Kowloon East tops new supply while Island East dominates demand on Hong Kong island
Hong Kong’s office market remained soft during the city’s Fifth Wave of the COVID-19 pandemic, handing occupiers the rare opportunity to negotiate favourable lease terms that suit their business needs. Overall vacancies rose to 11% in H1 2022, drifted slightly higher than previous months, but affordable areas proved resilient as tenants looked to save costs and recalibrate their budgets.
The most significant continuing trend we see from occupiers is the ongoing continued flight-to-quality, in which tenants take advantage of lower rents and higher vacancy rates to move to prime areas or newer buildings of better quality in nascent districts.
ESG is an increasingly significant factor in major corporates' decisions to move, especially internationals who are conscious of maintaining a sustainable profile. Buildings that can offer significant carbon savings, staff wellness benefits, and are primed for technology are usually top of the list.
"Buildings that can offer significant carbon savings, staff wellness benefits, and are primed for technology are usually top of the list.
Many of the existing buildings in the CBD are decades old, and although well-managed, they may need upgrades to adapt to new corporate goals. It is always a tough decision for a building owner to tear down an existing asset and lose rent for an extended period while the new asset is built. Considering the current higher vacancy of the existing buildings and slow leasing activities, landlords may consider it a good time to refurbish their buildings.
Usually, occupiers sign leases for around three years, sometimes a little longer. More tenants have explored the opportunity to lock in longer leases before rents increase. Landlords are more open to accommodating them, as longer leases also minimise their risk of vacancies. Some landlords might still be willing to sign rental protection agreements to spare tenants the shock of a rent surge.
"Some landlords might still be willing to sign rental protection agreements to spare tenants the shock of a rent surge.
Some businesses, primarily legal and financial, in the traditional CBD, are indeed seeking to lock in long-term leases for better quality at more affordable prices. Some may see the more realistic rents as an opportunity to expand their footprint in the world’s most expensive and prestigious real estate.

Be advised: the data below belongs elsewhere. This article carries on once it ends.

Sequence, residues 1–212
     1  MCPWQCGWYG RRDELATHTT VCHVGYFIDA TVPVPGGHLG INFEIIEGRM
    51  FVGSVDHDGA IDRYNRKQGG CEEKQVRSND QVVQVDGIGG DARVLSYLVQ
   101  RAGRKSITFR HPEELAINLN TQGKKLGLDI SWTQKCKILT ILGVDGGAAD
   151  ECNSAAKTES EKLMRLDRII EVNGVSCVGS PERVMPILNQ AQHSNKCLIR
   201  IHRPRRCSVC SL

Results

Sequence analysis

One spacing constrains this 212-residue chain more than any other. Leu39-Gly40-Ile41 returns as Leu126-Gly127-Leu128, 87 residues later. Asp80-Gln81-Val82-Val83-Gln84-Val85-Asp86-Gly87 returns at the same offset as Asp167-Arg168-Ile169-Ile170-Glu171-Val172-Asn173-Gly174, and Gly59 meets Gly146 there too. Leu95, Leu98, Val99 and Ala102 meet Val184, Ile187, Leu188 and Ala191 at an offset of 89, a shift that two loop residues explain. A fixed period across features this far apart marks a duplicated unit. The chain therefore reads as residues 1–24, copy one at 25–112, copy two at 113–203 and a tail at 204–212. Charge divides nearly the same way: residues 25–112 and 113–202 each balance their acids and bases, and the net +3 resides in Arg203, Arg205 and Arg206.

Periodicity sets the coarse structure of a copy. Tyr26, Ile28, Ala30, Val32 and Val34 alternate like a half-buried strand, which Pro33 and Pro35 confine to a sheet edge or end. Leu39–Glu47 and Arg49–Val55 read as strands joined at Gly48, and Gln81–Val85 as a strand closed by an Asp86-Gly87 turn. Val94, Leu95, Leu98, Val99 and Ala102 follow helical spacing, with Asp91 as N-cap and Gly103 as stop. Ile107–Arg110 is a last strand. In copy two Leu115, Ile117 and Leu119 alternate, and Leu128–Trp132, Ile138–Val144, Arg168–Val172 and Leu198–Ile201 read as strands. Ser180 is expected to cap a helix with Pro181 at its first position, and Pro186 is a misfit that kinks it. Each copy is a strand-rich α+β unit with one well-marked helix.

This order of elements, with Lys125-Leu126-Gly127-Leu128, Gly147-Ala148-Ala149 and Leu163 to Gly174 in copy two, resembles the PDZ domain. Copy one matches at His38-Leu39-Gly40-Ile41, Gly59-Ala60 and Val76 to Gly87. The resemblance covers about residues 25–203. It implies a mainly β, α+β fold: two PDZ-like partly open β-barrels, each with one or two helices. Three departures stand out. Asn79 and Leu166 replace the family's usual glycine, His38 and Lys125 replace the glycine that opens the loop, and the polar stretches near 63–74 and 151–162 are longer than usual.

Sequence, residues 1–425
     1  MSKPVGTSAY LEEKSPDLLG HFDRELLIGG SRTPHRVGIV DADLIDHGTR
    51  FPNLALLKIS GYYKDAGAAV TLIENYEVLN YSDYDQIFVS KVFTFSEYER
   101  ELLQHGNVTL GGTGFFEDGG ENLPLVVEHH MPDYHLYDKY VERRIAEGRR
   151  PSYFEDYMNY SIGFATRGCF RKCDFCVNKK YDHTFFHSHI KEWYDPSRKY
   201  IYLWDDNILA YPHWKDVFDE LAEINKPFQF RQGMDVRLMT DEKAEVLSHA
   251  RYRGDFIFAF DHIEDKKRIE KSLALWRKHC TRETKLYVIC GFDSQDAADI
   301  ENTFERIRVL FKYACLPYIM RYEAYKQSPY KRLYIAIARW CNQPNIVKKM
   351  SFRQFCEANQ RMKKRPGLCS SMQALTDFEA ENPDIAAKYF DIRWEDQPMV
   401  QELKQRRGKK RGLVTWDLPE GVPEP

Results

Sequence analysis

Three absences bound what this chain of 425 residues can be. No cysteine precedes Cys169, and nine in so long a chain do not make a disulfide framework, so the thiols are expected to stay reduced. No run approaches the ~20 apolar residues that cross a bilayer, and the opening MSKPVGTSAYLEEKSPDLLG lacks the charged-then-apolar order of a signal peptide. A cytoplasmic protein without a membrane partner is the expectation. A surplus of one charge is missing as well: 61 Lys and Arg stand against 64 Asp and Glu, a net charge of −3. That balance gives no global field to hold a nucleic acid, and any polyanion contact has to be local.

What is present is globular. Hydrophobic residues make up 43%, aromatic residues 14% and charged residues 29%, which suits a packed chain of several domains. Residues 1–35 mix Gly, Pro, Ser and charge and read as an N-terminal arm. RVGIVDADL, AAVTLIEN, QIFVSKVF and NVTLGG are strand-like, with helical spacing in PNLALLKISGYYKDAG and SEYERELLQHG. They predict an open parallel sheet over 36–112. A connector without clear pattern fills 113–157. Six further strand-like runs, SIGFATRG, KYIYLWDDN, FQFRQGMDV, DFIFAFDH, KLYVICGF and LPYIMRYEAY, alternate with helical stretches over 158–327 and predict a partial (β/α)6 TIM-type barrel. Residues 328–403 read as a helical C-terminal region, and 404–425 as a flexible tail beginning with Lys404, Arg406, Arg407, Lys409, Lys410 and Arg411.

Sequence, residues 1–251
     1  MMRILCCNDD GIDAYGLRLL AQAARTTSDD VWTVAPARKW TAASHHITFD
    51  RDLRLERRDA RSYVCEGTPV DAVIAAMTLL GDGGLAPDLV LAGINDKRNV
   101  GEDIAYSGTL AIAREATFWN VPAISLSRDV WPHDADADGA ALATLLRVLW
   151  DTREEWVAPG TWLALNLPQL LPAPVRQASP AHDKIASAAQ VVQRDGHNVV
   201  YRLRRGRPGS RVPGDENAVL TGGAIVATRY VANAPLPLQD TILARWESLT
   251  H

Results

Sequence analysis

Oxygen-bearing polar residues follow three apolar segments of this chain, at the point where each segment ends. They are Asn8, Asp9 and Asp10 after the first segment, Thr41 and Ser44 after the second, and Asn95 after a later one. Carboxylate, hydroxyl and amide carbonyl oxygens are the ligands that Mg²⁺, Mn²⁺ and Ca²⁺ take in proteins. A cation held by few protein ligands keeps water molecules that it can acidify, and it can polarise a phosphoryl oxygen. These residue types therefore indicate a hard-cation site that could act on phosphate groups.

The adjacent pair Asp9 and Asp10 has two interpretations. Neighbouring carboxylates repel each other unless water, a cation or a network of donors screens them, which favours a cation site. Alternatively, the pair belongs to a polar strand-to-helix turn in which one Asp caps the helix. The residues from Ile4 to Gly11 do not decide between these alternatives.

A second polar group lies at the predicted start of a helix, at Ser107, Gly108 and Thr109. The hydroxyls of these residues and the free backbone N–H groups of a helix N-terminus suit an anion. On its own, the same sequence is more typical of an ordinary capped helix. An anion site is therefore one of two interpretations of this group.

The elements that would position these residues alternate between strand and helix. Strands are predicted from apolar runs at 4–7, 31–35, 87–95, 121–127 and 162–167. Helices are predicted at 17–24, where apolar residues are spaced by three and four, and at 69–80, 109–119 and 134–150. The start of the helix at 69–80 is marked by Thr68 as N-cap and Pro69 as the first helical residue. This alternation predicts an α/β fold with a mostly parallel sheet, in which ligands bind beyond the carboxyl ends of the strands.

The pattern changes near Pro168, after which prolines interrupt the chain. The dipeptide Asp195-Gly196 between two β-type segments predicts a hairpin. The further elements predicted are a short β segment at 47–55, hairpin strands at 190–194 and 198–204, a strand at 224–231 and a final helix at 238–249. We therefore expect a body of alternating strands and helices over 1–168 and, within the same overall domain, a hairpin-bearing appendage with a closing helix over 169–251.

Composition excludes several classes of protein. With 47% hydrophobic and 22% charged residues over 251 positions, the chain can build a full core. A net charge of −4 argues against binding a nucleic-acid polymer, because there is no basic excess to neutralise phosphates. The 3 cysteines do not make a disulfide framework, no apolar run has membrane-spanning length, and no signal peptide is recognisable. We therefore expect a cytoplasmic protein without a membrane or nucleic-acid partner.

Sullivan and Cromwell LLP say on their website that their Hong Kong office is a strategic point for significant transactions involving mainland China and Asia Pacific companies or assets. They have moved from their stratified office at 9 Queens Road Central to Alexander House, under a portfolio developer's management.
Wan Chai North
Central is not the only place on occupiers’ radar. Other districts have advantages, such as Wan Chai North and its newly opened Exhibition Centre MTR Station, which cuts around 15 minutes off travel from the New Territories. We have already seen more leasing activity in Wan Chai North. With this easier commute, it would be a good place for mainland companies once borders reopen, and landlords will see more willing tenants.
One place occupiers might like to consider is Island East, strategically connected to the rest of Hong Kong by almost every mode of public transport and sports ample parking for those who like to drive.
And, it could be argued that the biggest decentralisation deal since the SFC announced its relocation to Quarry Bay in late 2018, was Swiss bank. Julius Baer committed to four floors in Two Taikoo Place, the newest development in the submarket. Another new development, K11 Atelier Kings Road in Quarry Bay, also entices multinational occupiers with greenness, proptech and wellness factors. Its target tenants are creative industries like ad agencies.
With its current vacancy rate and ample new supply in the pipeline, Island East rents eased 5.6% YoY in Q1 2022 and are forecast to soften to 8% YoY by the end of 2022.
While it is true that we did see some momentum in the Grade A office rental market in H2 2021, it is unlikely that there will be a significant rebound this year due to the border issue, inflation and geo-political tension.
Furthermore, some 4.6 million sq. ft. of new Grade A office supply will have entered the market by the end of the year. Interestingly, none of it will be in Central. The CBD’s big hurrah, The Henderson and Cheung Kong Centre II, will expected to be operational in the next year or so. The most significant slice of Island-based new Grade A office stock is in Island East, which has 22% of the overall total.
New Grade A Supply by District in 2022
The bulk of new stock will be in Kowloon East, with several large Grade A office developments completing this year, especially in Kwun Tong. KTIL 240 in Kwun Tong will provide around 487,500 sq. ft. of NFA in 2022. Not far from Kwun Tong, Nan Fung’s AIRSIDE in Kai Tak is expected to open by the end of the year, adding an NFA of approximately 944,000 sq. ft. Given the area’s modernity, these new stocks will likely prove very attractive to occupiers.
In the short term, while people are still working from home and the border remains closed, we will continue to see an occupiers’ market. You could be correct to think this might not change for a while, but we can see Beijing is already easing pandemic restrictions, so now could be your opportunity to find the best space for you.
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